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Mr. Win Griffiths: I understand what my hon. Friend is saying, but I think that there is a difference between local government reorganisation and the creation of the Welsh Assembly. Local government reorganisation involves the merging of four or five administrations, but the overall administration will be the same, and, as we know from all the work that was done on the Government of Wales Act, they have done a superb job for us. Given the quality of the Labour candidates--members of my hon. Friend's family, for instance-- I have every confidence in their ability to assist in the creation of the Assembly.

Sir Raymond Powell: As one who had close connections on the Front Bench, was well acquainted with the Act and made a great contribution to it, my hon.

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Friend would know far better than I whether the newly elected Members will be in a position to serve. One person who will be a great asset, and will probably not have to wait for 12 months, is Janet Gregory--my daughter. She is absolutely marvellous. Of course, I could not have said anything different. She was bound to follow her father, although she has not listened to him since the day when she was born. I hope that she will be elected; she has a very good name.

I must now conclude my speech. Another intervention and another drop of that orange squash, and I will be off. I do not know whether anyone put gin in it! In any event, I am grateful for the opportunity to speak on an historic occasion. I hope that although by this time next year we shall have a Welsh Assembly, we shall continue to have Welsh debates in the House of Commons.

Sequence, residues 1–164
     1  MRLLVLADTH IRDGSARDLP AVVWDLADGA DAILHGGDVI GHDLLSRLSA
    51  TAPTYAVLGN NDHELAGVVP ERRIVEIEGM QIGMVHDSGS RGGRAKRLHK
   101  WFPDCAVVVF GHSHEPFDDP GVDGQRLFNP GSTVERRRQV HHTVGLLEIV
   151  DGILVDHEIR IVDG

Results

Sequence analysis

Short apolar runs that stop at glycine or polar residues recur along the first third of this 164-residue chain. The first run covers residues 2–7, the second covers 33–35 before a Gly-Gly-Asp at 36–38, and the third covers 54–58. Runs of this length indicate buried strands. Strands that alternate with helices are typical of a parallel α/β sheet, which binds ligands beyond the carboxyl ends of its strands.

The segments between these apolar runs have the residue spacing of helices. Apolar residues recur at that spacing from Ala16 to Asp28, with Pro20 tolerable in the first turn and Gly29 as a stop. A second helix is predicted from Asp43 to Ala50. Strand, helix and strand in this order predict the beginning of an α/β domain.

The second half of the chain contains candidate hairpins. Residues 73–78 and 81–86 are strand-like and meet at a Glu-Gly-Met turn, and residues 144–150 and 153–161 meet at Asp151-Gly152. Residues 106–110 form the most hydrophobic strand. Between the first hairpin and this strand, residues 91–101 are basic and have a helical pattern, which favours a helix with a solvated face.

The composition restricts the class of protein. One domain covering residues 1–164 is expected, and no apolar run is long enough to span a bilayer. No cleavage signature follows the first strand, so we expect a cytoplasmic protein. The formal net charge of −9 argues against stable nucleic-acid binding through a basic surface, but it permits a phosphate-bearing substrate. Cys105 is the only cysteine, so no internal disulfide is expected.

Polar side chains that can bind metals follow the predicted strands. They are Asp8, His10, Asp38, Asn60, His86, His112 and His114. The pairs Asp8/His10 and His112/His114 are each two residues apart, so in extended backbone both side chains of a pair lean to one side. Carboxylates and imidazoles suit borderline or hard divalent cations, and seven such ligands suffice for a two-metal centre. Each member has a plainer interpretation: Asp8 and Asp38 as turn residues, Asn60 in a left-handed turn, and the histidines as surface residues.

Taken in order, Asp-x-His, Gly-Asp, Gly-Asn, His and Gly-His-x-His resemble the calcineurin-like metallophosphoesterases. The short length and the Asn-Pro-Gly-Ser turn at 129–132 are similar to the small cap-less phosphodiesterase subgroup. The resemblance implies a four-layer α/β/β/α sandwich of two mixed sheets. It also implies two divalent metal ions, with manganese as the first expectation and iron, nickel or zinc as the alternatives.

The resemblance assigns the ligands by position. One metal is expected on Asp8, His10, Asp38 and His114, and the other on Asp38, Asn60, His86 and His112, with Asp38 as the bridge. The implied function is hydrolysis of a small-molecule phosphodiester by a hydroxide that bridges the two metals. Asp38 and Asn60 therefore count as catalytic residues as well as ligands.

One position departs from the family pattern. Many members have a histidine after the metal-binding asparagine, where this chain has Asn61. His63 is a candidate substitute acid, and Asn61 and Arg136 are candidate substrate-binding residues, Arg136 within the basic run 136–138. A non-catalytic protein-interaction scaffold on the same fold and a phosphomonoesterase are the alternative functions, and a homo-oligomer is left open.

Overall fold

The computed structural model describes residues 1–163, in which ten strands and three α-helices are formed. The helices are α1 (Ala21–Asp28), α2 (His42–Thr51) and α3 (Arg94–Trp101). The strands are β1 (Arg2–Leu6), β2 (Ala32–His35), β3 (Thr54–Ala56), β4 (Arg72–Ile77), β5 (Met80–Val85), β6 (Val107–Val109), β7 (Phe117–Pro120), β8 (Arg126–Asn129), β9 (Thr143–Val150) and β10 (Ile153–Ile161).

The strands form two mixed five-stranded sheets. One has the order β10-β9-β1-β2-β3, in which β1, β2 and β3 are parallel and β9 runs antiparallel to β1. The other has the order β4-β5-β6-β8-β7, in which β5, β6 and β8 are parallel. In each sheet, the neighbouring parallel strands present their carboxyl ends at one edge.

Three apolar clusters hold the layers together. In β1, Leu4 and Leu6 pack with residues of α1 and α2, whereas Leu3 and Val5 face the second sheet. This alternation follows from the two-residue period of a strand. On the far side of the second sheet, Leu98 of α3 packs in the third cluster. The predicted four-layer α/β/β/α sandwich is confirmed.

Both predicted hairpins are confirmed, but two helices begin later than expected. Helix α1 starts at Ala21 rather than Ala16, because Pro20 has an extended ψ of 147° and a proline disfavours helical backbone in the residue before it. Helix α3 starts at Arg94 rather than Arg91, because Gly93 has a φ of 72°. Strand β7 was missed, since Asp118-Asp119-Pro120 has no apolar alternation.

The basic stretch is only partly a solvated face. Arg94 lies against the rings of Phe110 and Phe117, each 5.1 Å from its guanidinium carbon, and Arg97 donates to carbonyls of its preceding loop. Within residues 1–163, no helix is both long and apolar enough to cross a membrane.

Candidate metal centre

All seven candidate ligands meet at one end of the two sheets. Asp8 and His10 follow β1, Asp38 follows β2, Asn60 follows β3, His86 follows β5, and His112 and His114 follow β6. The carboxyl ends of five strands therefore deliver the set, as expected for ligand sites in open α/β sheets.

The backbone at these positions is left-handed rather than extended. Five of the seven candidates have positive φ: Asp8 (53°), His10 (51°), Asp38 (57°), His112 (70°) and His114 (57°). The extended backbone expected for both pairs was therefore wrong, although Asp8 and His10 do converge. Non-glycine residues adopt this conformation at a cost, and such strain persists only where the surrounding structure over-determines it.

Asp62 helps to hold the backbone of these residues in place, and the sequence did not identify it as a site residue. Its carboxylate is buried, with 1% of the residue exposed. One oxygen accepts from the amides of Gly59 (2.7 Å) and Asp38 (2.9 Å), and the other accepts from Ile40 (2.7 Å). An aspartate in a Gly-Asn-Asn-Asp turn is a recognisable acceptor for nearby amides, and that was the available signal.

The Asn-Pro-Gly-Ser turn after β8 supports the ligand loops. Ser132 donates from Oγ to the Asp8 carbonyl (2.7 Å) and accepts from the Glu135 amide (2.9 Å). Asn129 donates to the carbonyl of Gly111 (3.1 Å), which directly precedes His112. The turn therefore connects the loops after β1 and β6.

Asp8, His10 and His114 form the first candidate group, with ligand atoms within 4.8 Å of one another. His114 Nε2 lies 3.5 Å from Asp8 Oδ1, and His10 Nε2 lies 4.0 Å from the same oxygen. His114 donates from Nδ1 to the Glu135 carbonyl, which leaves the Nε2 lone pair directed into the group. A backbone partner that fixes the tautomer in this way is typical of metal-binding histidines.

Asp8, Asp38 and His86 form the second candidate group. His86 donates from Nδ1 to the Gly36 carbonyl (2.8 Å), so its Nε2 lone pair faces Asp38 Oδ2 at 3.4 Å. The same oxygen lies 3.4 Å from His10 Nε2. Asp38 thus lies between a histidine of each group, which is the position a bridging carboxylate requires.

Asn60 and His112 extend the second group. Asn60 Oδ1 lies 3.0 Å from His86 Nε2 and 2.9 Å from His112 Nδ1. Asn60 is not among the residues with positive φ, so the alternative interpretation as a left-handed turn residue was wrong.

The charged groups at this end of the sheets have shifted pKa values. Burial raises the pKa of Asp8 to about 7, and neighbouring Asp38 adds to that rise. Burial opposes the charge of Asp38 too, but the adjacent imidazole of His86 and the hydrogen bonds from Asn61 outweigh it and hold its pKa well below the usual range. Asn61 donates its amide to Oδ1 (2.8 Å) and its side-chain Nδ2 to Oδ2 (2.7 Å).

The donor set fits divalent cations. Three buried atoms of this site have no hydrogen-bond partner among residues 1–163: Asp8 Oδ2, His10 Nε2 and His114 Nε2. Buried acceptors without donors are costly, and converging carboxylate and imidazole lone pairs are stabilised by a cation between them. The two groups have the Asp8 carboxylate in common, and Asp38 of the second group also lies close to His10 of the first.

3.28 pm

Mr. Denzil Davies (Llanelli): I am sure that my hon. Friend the Member for Ogmore (Sir R. Powell) will have many more opportunities to regale us and interest us, even after devolution. I do not know whether this will be the last Welsh day debate, but, in any event, the House of Commons will still be the final arbiter--the final fund, as it were--in regard to money for the Welsh Assembly. It will also determine the level of public expenditure for areas outside the remit of the Assembly. I believe that all parties in the House have agreed to that system of financing, which will be annual. The Treasury will negotiate, following which--in theory at least--the estimates will have to be dealt with by the House.

Presumably, that could have been arranged differently. There could have been a charge on the Consolidated Fund, along the lines of--I hate to say this--the system of contributions to the European Union, which do not have to be dealt with by the House. Similarly, judges' wages need not be dealt with by the House: their salaries are not cut, for reasons that are fairly obvious in the administration of justice.

We could have chosen a different system; but all parties agreed that there should be an annual system, so we must not complain about the fact that it must come back to the Treasury and, indeed, the House, and that the House must debate it in some form or other.